An emotive anthology by seven of Singapore's most illustrious filmmakers, celebrating SG50 through the lives and stories of Singaporeans. Directed by Eric Khoo, Jack Neo, K. Rajagopal, Royston Tan, Tan Pin Pin, Boo Junfeng, Kelvin Tong.
When taxi driver Ah Huat's son is kidnapped, he resorts to extreme measures to raise the $1,000,000 ransom. But when the kidnapper reneges on the exchange, Ah Huat takes the most extreme measure of all: he kidnaps the kidnapper's child.
"Every year, for thirty days during the lunar seventh month, the Chinese believe that the gates of hell are thrown open. Vengeful spirits or hungry ghosts wander among the living, seeking ... See full summary »
Alessandra de Rossi,
When young and successful reporter Jamie finds out that her sister has died in mysterious circumstances, she travels to Singapore to uncover the truth. There, she discovers multiple deaths ... See full summary »
Director Kelvin Tong had said that Men in White was made in a way that would appeal to young people. I'm sad to say that he's quite off the mark.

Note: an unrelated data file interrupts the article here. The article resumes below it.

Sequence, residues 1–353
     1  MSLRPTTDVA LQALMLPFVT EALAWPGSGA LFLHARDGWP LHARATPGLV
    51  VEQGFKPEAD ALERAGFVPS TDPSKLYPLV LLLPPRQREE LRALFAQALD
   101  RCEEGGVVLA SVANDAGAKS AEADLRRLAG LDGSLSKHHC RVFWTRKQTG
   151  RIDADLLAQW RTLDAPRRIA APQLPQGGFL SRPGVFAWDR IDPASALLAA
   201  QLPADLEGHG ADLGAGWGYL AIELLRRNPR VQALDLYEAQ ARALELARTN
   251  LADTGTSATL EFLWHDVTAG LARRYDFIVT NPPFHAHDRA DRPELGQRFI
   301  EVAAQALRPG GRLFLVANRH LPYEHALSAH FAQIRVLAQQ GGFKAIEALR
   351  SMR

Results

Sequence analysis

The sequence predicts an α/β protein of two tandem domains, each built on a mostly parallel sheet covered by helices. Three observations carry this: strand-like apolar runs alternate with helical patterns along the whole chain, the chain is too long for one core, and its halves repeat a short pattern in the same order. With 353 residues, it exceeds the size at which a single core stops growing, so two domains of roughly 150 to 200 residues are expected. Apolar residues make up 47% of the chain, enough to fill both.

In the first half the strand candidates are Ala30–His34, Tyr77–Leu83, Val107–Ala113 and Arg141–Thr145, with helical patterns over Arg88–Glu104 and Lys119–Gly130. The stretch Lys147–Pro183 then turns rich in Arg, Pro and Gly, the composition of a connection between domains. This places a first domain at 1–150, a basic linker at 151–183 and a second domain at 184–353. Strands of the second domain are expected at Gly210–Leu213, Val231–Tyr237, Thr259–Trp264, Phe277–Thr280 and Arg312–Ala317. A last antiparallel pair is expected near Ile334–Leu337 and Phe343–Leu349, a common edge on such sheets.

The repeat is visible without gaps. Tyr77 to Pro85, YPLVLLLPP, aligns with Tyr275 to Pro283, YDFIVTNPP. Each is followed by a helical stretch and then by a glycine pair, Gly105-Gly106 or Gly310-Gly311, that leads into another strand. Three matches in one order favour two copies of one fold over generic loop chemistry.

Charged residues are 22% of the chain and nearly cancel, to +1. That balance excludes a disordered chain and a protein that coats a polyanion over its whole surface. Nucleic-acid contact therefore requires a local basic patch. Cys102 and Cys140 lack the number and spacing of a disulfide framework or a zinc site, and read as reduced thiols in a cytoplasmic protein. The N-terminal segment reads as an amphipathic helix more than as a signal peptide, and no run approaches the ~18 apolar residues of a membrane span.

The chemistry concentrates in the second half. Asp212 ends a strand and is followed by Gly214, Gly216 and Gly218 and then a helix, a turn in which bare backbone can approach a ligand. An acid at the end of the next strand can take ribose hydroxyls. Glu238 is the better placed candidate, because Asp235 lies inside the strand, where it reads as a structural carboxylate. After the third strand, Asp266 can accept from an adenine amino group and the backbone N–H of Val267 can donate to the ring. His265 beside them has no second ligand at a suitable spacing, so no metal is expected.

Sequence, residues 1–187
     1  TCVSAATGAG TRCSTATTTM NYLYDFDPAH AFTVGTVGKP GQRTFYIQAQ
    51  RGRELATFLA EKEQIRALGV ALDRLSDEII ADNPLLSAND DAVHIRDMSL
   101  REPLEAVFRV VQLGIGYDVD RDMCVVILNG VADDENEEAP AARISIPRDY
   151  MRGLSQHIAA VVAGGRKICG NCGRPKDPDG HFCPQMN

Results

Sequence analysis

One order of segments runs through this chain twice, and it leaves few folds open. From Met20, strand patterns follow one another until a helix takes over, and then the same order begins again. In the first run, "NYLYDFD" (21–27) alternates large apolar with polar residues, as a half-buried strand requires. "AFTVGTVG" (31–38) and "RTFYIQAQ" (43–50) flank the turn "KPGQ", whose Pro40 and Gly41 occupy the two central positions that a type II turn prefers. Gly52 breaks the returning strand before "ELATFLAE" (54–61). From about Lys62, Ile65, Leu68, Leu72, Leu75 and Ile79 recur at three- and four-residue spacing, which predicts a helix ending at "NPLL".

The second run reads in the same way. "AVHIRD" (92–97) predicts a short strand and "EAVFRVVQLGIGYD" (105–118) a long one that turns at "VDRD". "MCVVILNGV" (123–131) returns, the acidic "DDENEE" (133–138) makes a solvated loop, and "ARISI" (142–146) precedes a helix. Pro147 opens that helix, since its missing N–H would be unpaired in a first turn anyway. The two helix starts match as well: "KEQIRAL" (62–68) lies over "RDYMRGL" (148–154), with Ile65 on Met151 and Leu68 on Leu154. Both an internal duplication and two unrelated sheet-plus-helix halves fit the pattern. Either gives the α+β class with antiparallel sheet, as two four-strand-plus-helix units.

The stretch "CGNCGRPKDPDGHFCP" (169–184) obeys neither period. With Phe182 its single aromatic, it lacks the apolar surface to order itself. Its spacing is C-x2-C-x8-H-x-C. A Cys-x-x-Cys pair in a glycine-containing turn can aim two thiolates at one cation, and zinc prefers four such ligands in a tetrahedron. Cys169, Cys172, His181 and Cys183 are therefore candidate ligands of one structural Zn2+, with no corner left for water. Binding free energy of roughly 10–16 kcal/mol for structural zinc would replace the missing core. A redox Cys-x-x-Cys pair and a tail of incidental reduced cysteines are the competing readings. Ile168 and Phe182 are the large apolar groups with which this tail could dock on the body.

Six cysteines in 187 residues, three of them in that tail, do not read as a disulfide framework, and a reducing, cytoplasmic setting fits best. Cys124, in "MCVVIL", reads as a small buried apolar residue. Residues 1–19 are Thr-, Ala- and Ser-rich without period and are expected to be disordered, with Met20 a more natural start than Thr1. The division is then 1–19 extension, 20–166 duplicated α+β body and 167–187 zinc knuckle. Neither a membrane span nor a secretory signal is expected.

The film's plot is already weak to begin with, and to make things worse, it becomes more and more obscure towards the end. We're not looking for an Academy-award winner here, but how are we supposed to watch a movie when there is no storyline to follow? The entire movie just tossed five ghosts together, and that's it, we get to see them 'live' their 'dead lifestyles'.
Tong tries to recreate the 'Mo-Lei-Tau' impression here, a 'pseudo genre' of HK comedy movies made famous by the great Stephen Chow. However, he's missing all the key ingredients here; none of the actors are close to being as energetic and charismatic as Chow, and most of the gags are unoriginal and continuously reused within the film. I felt like walking out of the theater whenever the rap segments came on.
I've heard Tong's The Maid was quite a good film, but he really needs to stay off comedies. From mo lei tau, at least.
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